Good morning everyone, I hope you all had a great weekend. In March, I wrote a blog post where I contemplated applying for 10 credit cards during my March App-O-Rama. In April, I shared the results of my App-O-Rama. And then in May, I wrote My March App-O-Rama Credit Card Sign Up Bonuses Post. One noticeable exception to that last post was the 40,000 Go Far Rewards Points sign up bonus for my Wells Fargo Propel World American Express Credit Card. I patiently waited for the sign up bonus to post, but it seemed like the points got lost (insert bad joke that Wells Fargo is still using horse-drawn stagecoaches to deliver sign up bonuses and maybe a bank robber intercepted my points).
Good morning everyone, I hope you are all having a great week. By the time you read this post, I will be ATVing around the island of St. Kitts (I know, tough life). Anyway, I wanted to talk about one of my favorite topics – credit card sign up bonuses. In March, I discussed Which 10 Credit Cards am I Considering for my March App-O-Rama and then in early April, I wrote about my March App-O-Rama Results. In this post, I will share with you my plans (if any) for redeeming my miles and points. If you have any better suggestions than the ones I share in this post, please let me know in the comments. Thank you!
To get started, I was approved for the Bank of America Alaska Airlines Visa Signature Credit Card and the Bank of America Alaska Airlines Business Credit Card. Both credit cards offered 30,000 Alaska Airlines miles after spending $1,000 in 3 months along with an Alaska Airlines Companion Ticket (which can now be used on Virgin America). I have a few other Alaska Airlines Companion Tickets in my Alaska Airlines account, so I will probably not use them all. 60,000 Alaska Airlines miles is worth ~$900 to me (valuing Alaska Airlines miles at 1.5 CPP). I don’t have an exact use in mind, but I like flying on Virgin America first class when I fly from SFO to JFK.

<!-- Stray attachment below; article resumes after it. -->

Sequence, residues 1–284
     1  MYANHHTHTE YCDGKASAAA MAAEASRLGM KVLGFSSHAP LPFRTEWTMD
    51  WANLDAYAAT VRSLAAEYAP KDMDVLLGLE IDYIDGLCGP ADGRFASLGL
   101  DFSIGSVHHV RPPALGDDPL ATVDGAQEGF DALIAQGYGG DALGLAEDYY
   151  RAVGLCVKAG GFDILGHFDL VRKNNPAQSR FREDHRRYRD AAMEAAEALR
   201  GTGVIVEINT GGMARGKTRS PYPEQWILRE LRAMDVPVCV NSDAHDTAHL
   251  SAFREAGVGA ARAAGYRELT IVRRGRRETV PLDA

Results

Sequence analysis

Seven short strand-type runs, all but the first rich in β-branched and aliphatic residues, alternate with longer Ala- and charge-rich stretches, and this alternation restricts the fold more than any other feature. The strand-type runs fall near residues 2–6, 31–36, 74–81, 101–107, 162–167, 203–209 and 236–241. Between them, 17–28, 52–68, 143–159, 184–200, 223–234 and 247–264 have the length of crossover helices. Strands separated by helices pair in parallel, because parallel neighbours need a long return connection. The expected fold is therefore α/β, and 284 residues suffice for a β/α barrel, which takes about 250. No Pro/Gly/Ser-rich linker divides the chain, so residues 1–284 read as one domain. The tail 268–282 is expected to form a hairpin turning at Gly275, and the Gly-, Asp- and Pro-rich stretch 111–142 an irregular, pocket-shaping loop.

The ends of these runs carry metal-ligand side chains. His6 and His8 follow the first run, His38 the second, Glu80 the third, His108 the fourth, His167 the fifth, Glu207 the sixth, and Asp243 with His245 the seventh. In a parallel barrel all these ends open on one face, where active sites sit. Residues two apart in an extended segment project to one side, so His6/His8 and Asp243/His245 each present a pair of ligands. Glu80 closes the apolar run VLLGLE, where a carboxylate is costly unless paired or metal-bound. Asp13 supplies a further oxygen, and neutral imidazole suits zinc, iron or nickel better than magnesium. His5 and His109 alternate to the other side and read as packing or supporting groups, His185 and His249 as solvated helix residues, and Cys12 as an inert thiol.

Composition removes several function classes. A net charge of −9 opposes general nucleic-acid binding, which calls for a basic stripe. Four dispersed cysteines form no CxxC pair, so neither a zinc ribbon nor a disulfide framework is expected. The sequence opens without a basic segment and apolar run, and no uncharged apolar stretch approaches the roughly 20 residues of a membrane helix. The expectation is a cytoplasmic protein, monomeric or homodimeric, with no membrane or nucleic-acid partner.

Good morning everyone, happy Thursday. My last App-O-Rama (where I applied for several new credit cards at the same time) was back in mid December 2016. I usually wait 3+ months between App-O-Ramas, so the time has come to start my next round of credit card applications. I am going to list the credit cards I have in mind in the order in which I will probably apply for them. If you have any feedback on my strategy or think I am missing or applying for the wrong credit cards, please leave a comment below. Without further ado, let’s begin…
1. American Express SPG Business Credit Card – 25,000 SPG points after spending $5,000 in 90 days and an additional 10,000 SPG points after spending $3,000 in 120 days. No annual fee the first year, then $95 in the second year.
With the impending merger with Marriott, this might be my last opportunity to apply for the SPG business credit card. I can’t pass up this opportunity. 35,000 SPG points are worth ~$700 in hotel nights and airfare (and possibly much more).
2. Bank of America MERRILL+ Credit Card – 50,000 points after spending $3,000 in 90 days. No annual fee.
Updated 8pm PT on 8/3/2015: revised title of the post to make the title more relevant and specific to the issue.
Good afternoon everyone. A few days ago, I received a Chase QuickPay payment from my friend. It was my first time receiving a Chase QuickPay payment and I thought it would be a very simple, straightforward process of accepting the payment and having the funds get deposited to my Chase Total Checking account. Unfortunately, the process was not very simple, but with a quick fix, the problem was resolved. After clicking the Log In button from the Chase QuickPay payment email, I logged into my Chase account.
Chase, Wells Fargo, and other Banks Create Voiceprints from Calls to Prevent Fraud
Starting soon, you may hear the following message when you call your credit card company: “This call may be monitored, recorded and processed for quality assurance and fraud prevention purposes.” The statement is slightly different than the usual, “This call will be monitored or recorded…” According to a CNBC article published a few hours ago (link), credit card companies (especially Chase and Wells Fargo) are investing in “voice biometric technology to screen calls for signs of fraud.”
The banks can compare the voice on the phone to previously recorded and analyzed phone calls to determine if it is actually you on the phone, rather than an identity thief impersonating you. The system is even able to recognize voices and determine if they are blacklisted for previous attempts at fraud. Continue reading